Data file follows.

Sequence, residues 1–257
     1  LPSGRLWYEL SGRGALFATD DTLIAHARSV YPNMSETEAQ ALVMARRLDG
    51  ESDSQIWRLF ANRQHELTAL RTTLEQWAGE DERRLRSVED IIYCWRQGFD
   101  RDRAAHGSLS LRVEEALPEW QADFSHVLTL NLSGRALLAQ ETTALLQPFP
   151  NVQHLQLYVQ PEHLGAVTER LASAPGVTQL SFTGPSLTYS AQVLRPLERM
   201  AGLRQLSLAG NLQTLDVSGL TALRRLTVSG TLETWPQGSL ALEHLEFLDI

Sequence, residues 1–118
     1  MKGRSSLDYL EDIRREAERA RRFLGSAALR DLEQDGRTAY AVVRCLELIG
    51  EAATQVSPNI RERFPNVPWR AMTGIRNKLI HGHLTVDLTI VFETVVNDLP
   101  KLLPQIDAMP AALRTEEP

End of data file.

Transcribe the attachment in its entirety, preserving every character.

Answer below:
Sequence, residues 1–257
     1  LPSGRLWYEL SGRGALFATD DTLIAHARSV YPNMSETEAQ ALVMARRLDG
    51  ESDSQIWRLF ANRQHELTAL RTTLEQWAGE DERRLRSVED IIYCWRQGFD
   101  RDRAAHGSLS LRVEEALPEW QADFSHVLTL NLSGRALLAQ ETTALLQPFP
   151  NVQHLQLYVQ PEHLGAVTER LASAPGVTQL SFTGPSLTYS AQVLRPLERM
   201  AGLRQLSLAG NLQTLDVSGL TALRRLTVSG TLETWPQGSL ALEHLEFLDI

Sequence, residues 1–118
     1  MKGRSSLDYL EDIRREAERA RRFLGSAALR DLEQDGRTAY AVVRCLELIG
    51  EAATQVSPNI RERFPNVPWR AMTGIRNKLI HGHLTVDLTI VFETVVNDLP
   101  KLLPQIDAMP AALRTEEP